Friday, July 29, 2011

Heat-Related Emergencies

These past several weeks we have been informing you about different subjects relating to the heat and summer.   Emergencies such as dehydration, heat exhaustion, heat strokes, sunburn and other summer related issues.  As I am writing this now the temperature is in the triple digits, and there is no end in sight. 

The heat affects everyone, but is more dangerous to the elderly and infants, and those with certain medical conditions.

People suffer heat-related illness when their bodies are unable to compensate and properly cool themselves. The body normally cools itself by sweating. But under some conditions, sweating just isn't enough. In such cases, a person's body temperature rises rapidly. Very high body temperatures may damage the brain or other vital organs.

Heat-related deaths and illness are preventable yet annually many people succumb to extreme heat.  I was just reading today where a 61 year old man from Jackson, MS passed away from heat exhaustion while working in his garden.

Because heat-related deaths are preventable, people need to be aware of who is at greatest risk and what actions can be taken to prevent a heat-related illness or death. The elderly, the very young, and people with mental illness and chronic diseases are at highest risk. However, even young and healthy individuals can succumb to heat if they participate in strenuous physical activities during hot weather. Air-conditioning is the number one protective factor against heat-related illness and death. If a home is not air-conditioned, people can reduce their risk for heat-related illness by spending time in public facilities that are air-conditioned.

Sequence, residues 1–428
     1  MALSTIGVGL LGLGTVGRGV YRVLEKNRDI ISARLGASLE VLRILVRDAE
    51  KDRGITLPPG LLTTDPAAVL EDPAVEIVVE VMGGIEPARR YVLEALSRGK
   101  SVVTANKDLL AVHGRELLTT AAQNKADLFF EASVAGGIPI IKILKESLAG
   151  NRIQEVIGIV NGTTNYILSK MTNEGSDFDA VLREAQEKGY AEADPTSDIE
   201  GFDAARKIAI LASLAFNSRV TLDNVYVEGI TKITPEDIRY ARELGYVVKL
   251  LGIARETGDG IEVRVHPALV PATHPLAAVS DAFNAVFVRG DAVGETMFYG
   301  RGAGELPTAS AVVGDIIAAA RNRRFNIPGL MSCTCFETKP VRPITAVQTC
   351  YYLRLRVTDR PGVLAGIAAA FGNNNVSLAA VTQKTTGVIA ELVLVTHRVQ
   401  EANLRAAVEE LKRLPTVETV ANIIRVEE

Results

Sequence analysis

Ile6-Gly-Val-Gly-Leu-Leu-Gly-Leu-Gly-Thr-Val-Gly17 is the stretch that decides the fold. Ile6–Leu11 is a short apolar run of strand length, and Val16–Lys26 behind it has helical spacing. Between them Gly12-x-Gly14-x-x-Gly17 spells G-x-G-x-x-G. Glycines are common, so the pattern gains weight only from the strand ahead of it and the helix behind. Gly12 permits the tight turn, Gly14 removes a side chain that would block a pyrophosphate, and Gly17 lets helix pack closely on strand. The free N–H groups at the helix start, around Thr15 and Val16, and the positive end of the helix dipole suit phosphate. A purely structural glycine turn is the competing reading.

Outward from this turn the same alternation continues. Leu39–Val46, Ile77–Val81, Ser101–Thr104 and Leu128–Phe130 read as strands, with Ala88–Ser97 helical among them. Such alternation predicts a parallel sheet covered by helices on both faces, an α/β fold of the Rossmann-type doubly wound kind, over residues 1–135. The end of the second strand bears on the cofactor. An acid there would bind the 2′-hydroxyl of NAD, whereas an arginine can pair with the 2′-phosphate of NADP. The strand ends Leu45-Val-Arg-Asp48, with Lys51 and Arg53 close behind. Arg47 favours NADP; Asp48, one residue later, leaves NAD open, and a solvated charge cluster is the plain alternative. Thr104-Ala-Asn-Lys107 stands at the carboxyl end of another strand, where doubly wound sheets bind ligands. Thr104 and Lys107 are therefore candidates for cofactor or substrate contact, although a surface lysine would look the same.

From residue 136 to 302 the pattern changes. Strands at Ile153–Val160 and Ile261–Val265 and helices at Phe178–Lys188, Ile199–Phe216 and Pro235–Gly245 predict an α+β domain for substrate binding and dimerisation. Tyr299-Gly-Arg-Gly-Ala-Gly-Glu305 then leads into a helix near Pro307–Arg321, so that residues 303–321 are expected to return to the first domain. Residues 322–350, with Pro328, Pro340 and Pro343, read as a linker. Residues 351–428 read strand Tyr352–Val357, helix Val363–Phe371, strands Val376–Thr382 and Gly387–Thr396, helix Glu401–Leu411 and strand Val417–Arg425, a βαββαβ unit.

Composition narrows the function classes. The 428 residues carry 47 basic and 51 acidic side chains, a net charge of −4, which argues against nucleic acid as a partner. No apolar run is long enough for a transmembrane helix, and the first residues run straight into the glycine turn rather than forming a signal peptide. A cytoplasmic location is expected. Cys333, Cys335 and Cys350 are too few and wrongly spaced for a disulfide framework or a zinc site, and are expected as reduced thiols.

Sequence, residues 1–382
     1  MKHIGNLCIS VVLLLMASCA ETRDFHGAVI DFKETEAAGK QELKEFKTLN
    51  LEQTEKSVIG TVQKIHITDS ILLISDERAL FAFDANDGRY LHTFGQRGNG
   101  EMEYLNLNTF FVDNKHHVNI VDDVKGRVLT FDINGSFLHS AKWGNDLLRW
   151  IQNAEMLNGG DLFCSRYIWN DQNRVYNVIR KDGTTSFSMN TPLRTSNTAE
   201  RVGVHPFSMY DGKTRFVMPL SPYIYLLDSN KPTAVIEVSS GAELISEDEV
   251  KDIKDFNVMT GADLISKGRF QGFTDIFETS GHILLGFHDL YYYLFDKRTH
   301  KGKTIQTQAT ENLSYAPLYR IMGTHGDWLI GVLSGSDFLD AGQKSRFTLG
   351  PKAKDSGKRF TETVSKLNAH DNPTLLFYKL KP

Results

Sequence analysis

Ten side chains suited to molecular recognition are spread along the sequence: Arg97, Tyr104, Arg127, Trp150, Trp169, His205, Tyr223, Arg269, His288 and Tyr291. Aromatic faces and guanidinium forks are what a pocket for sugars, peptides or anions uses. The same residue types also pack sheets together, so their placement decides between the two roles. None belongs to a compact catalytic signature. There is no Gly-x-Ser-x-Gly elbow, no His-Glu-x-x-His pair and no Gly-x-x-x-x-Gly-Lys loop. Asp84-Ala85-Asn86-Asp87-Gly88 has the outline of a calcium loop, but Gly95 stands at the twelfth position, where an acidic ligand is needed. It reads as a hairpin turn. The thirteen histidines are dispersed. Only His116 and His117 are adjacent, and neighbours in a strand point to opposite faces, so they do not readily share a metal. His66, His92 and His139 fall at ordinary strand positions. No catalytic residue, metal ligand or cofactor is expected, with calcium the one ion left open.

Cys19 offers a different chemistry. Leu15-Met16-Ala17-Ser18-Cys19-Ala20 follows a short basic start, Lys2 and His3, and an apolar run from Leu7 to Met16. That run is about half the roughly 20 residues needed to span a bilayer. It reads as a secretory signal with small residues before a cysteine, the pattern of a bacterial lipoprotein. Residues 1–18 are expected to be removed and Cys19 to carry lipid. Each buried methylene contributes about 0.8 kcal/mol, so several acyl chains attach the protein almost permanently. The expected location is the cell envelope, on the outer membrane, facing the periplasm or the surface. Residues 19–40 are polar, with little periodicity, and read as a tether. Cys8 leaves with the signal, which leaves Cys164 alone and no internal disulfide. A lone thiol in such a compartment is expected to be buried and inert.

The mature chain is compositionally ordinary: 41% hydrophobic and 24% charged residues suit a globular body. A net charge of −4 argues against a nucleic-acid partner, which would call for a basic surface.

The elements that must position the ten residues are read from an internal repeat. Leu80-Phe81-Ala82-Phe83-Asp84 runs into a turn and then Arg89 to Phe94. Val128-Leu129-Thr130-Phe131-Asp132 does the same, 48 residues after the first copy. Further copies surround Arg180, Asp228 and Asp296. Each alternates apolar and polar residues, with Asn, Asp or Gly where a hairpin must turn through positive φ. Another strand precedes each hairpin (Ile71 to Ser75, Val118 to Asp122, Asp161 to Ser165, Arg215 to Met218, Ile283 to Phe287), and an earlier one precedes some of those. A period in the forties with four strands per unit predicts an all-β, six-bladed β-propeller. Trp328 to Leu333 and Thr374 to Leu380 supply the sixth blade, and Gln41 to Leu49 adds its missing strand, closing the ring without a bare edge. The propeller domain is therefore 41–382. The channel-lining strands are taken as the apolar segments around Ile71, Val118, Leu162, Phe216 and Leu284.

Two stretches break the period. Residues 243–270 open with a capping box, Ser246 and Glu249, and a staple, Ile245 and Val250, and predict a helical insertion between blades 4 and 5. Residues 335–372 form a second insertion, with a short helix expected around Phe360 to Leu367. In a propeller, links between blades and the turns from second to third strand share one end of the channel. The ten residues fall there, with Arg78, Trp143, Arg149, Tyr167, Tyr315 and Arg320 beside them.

To protect your health when temperatures are extremely high, remember to keep cool and use common sense.  Some things you can do include:

  • Drink Plenty of Fluids;
  • Replace salt and minerals, check with your doctor before ingesting any additional salt though;
  • Wear appropriate clothing and sunscreen;
  • Schedule outdoor activities carefully, try to limit yourself in morning and evening activities;
  • Pace yourself, take frequent rest periods;
  • Stay cool indoors, use air conditioning, fans and limit the use of stoves and ovens to keep the temperature down;
  • Use the buddy system; keep in contact with those you know who are sick or elderly to make sure they are keeping cool;
  • Never leave children or pets in a parked car; and
  • Use Common sense.

Even short periods of high temperatures can cause serious health problems. During hot weather health emergencies, keep informed by listening to local weather and news channels or contact local health departments for health and safety updates. Doing too much on a hot day, spending too much time in the sun or staying too long in an overheated place can cause heat-related illnesses. Know the symptoms of heat disorders and overexposure to the sun, and be ready to give first aid treatment.

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